The nanny-state mentality of the Bush Administration and its appointees shows no sign of abating. The latest farce comes from the Securities and Exchange Commission, which want to prohibit all but the very wealthy from taking advantage of successful hedge fund investing. Richard Rahn comments in the Washington Times:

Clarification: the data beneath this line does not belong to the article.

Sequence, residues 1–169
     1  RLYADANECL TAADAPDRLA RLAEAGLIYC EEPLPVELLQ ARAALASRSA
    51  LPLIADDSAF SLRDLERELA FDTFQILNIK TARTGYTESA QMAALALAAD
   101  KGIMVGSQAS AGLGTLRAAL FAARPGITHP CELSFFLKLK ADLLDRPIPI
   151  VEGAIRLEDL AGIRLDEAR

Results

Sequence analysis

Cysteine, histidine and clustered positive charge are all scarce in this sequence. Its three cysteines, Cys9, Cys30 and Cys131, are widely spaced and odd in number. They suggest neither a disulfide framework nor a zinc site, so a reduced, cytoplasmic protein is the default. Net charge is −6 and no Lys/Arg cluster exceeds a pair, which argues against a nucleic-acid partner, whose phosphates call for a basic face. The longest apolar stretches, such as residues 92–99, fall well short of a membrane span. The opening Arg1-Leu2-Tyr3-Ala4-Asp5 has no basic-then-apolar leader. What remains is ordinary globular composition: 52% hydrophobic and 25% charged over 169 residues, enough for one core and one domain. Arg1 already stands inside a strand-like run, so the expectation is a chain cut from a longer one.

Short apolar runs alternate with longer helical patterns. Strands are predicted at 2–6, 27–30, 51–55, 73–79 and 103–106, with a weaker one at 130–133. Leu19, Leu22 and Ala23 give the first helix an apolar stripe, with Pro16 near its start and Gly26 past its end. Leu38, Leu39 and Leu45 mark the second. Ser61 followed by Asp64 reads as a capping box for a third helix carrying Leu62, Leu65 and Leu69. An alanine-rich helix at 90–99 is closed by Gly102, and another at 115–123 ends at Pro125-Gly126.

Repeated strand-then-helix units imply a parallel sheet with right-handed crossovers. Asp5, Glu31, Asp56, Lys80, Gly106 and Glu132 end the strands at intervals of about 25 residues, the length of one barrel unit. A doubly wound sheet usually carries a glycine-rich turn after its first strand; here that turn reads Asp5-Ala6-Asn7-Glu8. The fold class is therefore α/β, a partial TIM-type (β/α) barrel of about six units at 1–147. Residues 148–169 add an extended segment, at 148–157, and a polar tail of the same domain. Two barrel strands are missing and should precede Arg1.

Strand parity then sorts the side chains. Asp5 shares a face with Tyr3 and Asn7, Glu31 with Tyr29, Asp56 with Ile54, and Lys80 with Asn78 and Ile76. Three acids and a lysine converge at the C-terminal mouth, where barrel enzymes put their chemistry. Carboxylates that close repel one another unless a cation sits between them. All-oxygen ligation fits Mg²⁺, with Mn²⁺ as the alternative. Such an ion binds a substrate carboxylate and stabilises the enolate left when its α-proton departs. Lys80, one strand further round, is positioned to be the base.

Financial regulation is most often justified by arguing it is needed to protect all participants from those who would engage in fraud or theft, and to protect unsophisticated investors from losing money in investments they do not understand. The U.S. Securities and Exchange Commission (SEC) has just proposed that the amount of liquid net worth an individual must have before investing in hedge funds and other so-called risky investments be raised to as much as $2.5 million. People meeting a net liquid worth requirement are considered "accredited investors." ...Even though most people would agree it is important to try to protect "widows and orphans" from unscrupulous and/or incompetent financial promoters, there is a fine line between protecting those who need protection and denying freedom to those who don't. Does it make sense to prohibit a person who has recently obtained a graduate degree in finance from a leading business school from buying and selling hedge funds, because he or she has not yet accumulated some arbitrary amount of wealth -- while legally allowing any adult man or woman to take all of his or her wealth and go to Las Vegas and blow it at the gambling tables?